At 3:46 am, while Anna Darson slept next to her husband of thirty-two years, in a ranch-style house along the frigid waters of Lake Michigan on a snowy weekend after Thanksgiving, an event was triggered, causing a program to gather data from various accounts, which culminated in an email delivered to Anna with the subject line: John’s Journey is Complete.
Anna, her breathes rising and falling, steady as the snow gathering along the lintel slept on, no mobile device or push notifications to beckon from her bedside. Her dreams were unremarkable. Flashes of joy. Blurs from the weekend, from the past. Their daughter Abbie, up from Chicago, making pumpkin pie with her father, George, as the Lions savaged the Packers in a surprising win. The cold air against her face. The bark of the dogs, steam rising from their muzzles, as they bounded through snowdrifts and back toward the house.
It was mid-morning, the exact time unknown, when Anna turned on the laptop in the kitchen to check the weather, when she logged into her email account and saw the message. John’s Journey is Complete? She thought. Her youngest son, living in San Francisco, was there a race he’d run? Anna enjoyed seeing those automated messages when John ran a marathon. Without expectation, Anna clicked on the email.
At 12:46 am, in the city of San Francisco, John Darson’s journey through life came to completion. John wanted to share his story with you. And, so, according to John’s wishes we’ve assembled the following timeline from John’s connected accounts and recorded metrics. Losing a loved one is always hard, but leaving a legacy has never been easier. ~ Journ.ey | The One Less Travelled By
Anna re-read the paragraph again. What was this? What happened? Was, John? Was her baby, her son? Was he dead? She shut the laptop. Stood and walked to the kitchen sink. Her hands shook as she gripped the counter. Her eyes were vacant. Aching to be filled by the whiteness outside the window. The cold reality of winter. She imagined walking out the front door in just her bathrobe, heading east through the hemlocks as they gave way to taller pines. Taking off her bathrobe and laying down in the snow. Feeling the cold against her naked body. The melt forming to her contours. The silence beneath the pine bows, the scent of the needles as numbness set in and she slipped away. Slipped away from this moment and the harshness sent her way. Then, her thoughts came back to the present. George? Abbie? They were out cross-country skiing. No point calling them. Let them have this time together. Anna opened up a cupboard, took down a glass and filled it. She then went back to the computer, opened it, read the email and clicked on the link.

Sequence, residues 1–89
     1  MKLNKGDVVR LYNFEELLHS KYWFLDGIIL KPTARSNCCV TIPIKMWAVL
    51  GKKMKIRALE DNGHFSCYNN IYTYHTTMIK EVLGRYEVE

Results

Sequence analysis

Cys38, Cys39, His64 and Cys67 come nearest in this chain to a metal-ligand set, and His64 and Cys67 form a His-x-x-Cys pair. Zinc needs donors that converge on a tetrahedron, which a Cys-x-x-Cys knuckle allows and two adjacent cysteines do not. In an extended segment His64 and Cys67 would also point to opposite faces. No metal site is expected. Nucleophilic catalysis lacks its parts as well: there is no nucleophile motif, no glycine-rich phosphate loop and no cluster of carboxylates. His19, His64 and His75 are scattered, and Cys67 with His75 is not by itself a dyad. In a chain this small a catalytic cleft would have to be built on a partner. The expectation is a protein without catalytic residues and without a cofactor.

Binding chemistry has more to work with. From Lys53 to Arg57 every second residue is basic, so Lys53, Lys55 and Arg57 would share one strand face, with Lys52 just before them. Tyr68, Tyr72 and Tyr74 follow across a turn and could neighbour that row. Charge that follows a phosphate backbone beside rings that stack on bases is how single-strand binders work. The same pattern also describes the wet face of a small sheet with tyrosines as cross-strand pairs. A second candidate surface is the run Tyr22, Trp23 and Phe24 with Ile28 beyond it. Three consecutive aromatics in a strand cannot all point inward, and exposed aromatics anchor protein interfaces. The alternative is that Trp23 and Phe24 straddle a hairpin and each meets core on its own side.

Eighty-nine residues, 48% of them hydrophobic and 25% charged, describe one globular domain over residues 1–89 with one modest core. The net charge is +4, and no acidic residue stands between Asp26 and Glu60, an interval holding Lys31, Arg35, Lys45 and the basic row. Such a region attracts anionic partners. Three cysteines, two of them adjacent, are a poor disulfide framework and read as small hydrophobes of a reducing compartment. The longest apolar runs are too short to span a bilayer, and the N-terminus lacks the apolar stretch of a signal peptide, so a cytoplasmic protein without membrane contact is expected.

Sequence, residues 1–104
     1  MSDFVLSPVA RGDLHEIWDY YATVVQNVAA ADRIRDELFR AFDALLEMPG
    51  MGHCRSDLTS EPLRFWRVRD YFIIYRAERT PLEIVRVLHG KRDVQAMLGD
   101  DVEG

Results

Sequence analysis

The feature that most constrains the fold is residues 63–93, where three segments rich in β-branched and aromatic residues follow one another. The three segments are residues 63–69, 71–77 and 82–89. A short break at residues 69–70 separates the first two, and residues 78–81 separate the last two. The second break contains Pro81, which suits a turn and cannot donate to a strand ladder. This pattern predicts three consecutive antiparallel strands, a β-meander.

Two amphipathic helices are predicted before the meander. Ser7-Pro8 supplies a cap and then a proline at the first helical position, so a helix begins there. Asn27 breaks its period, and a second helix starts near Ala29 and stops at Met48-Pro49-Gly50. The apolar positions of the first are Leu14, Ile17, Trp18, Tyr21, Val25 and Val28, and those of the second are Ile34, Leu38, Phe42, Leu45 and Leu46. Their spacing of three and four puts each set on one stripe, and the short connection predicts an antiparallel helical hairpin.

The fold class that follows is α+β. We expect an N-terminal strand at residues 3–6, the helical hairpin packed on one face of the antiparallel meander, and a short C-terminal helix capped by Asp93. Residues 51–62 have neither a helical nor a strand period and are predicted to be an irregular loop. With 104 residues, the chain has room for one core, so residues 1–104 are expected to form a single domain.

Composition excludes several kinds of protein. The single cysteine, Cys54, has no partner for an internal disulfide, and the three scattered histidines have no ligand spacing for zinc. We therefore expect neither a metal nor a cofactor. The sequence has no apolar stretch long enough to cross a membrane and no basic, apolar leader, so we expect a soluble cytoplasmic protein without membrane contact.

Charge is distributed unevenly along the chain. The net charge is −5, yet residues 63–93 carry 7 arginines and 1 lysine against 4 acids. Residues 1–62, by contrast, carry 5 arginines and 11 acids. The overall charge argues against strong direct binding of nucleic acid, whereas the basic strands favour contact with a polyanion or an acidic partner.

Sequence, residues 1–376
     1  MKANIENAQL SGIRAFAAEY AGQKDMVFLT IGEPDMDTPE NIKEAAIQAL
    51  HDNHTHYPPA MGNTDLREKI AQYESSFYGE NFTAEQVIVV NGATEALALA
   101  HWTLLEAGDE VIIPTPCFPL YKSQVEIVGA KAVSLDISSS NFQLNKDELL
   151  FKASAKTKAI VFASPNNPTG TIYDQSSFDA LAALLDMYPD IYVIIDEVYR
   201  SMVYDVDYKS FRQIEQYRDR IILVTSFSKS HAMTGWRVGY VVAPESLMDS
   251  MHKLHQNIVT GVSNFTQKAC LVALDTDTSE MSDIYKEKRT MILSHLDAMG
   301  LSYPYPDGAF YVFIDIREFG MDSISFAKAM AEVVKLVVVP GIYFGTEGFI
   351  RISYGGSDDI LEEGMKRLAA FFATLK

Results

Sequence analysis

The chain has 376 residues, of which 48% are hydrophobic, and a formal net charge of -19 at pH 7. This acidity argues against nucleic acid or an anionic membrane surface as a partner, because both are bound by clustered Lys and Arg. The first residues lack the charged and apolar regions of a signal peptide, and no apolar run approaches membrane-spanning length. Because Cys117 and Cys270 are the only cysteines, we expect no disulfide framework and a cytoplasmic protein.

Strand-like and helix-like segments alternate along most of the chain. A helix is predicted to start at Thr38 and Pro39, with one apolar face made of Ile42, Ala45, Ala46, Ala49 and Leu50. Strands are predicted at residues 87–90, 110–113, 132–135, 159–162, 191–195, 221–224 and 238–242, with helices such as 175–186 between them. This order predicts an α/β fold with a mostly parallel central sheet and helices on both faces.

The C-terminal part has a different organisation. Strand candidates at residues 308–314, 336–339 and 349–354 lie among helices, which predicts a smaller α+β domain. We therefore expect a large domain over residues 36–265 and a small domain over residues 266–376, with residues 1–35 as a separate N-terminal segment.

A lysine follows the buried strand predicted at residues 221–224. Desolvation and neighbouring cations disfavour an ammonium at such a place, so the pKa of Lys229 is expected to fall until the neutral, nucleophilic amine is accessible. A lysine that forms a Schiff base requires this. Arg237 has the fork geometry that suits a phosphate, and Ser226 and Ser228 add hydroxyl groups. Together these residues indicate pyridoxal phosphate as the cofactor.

But, what was there to read? There was no story, no legacy. It reminded her of boxing up the household after her parents died. Letters, recipes, ephemera full of love, along with the marks made by her and her brothers: the mismatched doorknob her dad never replaced and the screen door, ripped by her brother, and stitched up by her mom’s careful hand. But this? This journey, what was it? Anna read the top entry.
November 30, 2014, 12:46 am. Heart rate: 0 bpm.
No context. Just a time and a number. Anna scrolled.
November 30, 2014, 10:17 pm. Status update: Fun catching up with friends. Time to head home.
November 30, 2014, 8:02 pm. Check-in: Ozumo 161 Steuart St, San Francisco, CA.
November 30, 2014, 2:50 pm. Status update: Everytime is the wrong time to go to Whole Foods.
November 30, 2014, 10:22 am. Status update: John logged 120 points for #running!
November 30, 2014, 10:20 am. Heart rate: 117 bpm.
It seemed like the page scrolled on forever, but Anna knew it was finite. There would be a beginning, just as there was an end. Photos, videos, status updates, locations, heart rates, blog posts, it all came together in this digital collage in which Anna tried to find meaning, to make sense, but all she found was loss. She called John’s ex-girlfriend and it went to voicemail. Does one even know the friends of their adult children? In the account from Journ.ey there was a page to download all of John’s usernames and passwords. Anna thought about doing this. Thought about sending a message out in the hopes that his on lie friends would respond. But, then she got the call from the hospital. A human being, a voice with emotion transmitted across the country. The railing on John’s balcony gave way. He’d fallen five stories and passed on the way to the hospital. Yes, said the councilor, it’d been sometime after midnight.
The tears felt like they came from Anna’s gut. Grief rose out from the center of her. Fought it’s way out. She’d hung up the phone, but wasn’t sure when. George and Abbie should be coming back soon. Anna had said she’d make chill for them. Have a pot simmering on the stove. She waited for her family to return, for the shadows to lengthen on the walls. Anna waited as the heat switched off, as around the world updates flashed across people’s feeds, and the house felt colder, more remote. The snow continued and beneath it’s weight a pine bough crashed to the forest floor, the needles spreading out, dark against powder.